HEK293 and HeLa cells (ATCC) were grown in Dulbecco’s Minimal Essential Medium (DMEM) (Thermo Fisher Scientific) supplemented with 10% foetal bovine serum (FBS) (Sigma), penicillin, and streptomycin. Human dermal fibroblasts11 were grown in Minimal Essential Medium (MEM) (Thermo Fisher Scientific) supplemented with 20% FBS (Sigma), 1% penicillin, and streptomycin. The human embryonic stem cell line Hues9 (H9) was obtained from the WiCell. H9 cells were maintained in Essential 8 media (Thermo Fisher Scientific) on human embryonic stem cell-qualified matrigel (Corning) coated plates at 37 °C, 5% CO2. Primary human keratinocytes isolated from neonatal foreskins (Cellworks distributed, ZHC-1116) were cultured on collagen (BD Biosciences) coated plates in KGM-gold (Lonza) medium. For cell propagation calcium concentrations were adjusted to 0.06 mM using 1.2 M CaCl2 stock solution. Medium was changed every other day and cells were passaged when reaching 60–70% confluency. For epidermal differentiation, KGM-gold calcium concentrations were adjusted to 1.2 mM using 1.2 M CaCl2 stock solution. Primary human epidermal cells were only used until passages 6–7 after thawing. All cells were cultured in humidified atmospheres with 5% CO2.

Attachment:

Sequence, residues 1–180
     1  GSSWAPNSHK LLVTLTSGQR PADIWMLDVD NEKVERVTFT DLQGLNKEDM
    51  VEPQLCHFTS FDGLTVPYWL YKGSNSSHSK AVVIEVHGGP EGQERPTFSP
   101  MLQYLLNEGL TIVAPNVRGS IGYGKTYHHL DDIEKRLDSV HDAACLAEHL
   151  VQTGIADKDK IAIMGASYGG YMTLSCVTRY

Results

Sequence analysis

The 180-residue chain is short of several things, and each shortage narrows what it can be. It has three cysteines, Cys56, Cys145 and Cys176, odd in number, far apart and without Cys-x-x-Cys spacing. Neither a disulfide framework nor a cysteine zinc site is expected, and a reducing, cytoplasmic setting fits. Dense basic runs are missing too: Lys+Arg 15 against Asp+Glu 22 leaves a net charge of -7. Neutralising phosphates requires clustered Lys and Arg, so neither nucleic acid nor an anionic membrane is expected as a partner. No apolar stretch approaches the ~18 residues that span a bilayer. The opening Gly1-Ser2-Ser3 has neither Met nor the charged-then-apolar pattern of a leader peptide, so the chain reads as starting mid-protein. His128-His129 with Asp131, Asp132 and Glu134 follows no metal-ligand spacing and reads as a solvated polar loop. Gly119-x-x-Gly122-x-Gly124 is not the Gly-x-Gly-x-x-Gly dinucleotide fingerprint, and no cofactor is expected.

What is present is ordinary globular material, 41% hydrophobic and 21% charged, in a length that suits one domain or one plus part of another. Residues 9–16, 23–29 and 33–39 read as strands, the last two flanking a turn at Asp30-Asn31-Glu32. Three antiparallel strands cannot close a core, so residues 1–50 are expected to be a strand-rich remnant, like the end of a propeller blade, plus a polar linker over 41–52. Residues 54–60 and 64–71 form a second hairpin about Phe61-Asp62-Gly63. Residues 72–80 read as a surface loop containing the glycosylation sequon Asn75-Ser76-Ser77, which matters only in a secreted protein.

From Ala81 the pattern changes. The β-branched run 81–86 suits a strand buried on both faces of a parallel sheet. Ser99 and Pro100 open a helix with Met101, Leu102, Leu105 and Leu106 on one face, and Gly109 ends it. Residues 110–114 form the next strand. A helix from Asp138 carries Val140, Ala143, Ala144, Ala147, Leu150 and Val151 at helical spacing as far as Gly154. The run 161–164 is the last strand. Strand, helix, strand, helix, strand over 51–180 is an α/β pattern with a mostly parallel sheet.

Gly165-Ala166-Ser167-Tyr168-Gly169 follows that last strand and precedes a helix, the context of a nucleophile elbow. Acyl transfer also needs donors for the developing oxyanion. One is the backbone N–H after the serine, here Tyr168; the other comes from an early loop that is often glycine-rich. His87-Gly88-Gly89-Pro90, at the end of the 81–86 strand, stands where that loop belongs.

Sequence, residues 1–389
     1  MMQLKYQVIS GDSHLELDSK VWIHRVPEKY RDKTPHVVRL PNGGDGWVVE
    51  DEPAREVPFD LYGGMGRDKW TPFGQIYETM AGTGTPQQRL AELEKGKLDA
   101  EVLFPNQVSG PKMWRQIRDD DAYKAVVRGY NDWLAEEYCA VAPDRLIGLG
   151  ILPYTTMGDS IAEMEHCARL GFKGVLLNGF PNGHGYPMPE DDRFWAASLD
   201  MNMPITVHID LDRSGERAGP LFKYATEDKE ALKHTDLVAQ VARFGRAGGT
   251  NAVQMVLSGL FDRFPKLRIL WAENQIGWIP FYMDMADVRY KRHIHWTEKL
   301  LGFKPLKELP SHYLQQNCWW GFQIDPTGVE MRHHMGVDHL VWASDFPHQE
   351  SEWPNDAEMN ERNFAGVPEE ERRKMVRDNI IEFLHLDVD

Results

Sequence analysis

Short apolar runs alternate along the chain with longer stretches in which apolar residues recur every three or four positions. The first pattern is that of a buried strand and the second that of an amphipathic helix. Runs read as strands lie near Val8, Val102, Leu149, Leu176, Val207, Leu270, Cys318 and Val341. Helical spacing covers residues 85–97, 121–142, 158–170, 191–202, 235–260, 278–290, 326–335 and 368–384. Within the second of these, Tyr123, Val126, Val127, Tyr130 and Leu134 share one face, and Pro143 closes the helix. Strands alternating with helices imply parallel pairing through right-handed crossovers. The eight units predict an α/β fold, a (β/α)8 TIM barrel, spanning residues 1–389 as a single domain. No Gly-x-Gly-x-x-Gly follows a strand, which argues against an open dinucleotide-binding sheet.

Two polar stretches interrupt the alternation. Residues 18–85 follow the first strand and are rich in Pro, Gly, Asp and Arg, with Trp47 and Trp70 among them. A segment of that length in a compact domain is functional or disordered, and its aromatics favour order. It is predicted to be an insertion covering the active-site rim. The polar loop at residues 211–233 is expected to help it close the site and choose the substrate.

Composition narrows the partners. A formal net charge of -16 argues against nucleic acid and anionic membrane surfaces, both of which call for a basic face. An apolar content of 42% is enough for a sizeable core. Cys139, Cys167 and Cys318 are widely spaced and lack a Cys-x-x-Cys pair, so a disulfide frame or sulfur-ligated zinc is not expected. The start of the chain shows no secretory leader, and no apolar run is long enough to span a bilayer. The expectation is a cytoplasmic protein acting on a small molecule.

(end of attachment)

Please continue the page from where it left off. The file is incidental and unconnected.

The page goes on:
For the transfection of small interfering RNA (siRNA), human dermal fibroblasts and primary human keratinocytes (HK) cells were cultured until reaching 50–60% confluency. Cells were then transfected with a control siRNAs or svRNA4 antagomirs (2′-O-methyl-anti-svRNA4: 5′ AAA AGG ACU GGA GAG CGC CCG CGG GUC UCG); control microRNA miRIDIAN mimic or svRNA4 microRNA miRIDIAN mimic (5′ CGA GAC CCG CGG GCG CUC UCC AGU CCU UUU) (Dharmacon-GE); SRSF1 siRNAs (QIAGEN) or SFSF2 siRNAs (QIAGEN, and Dharmacon-GE) using RNAimax transfection kit (Thermo Fisher Scientific). 24, 48, or 72 h post-transfection, cells were washed in PBS and RNA or protein was isolated.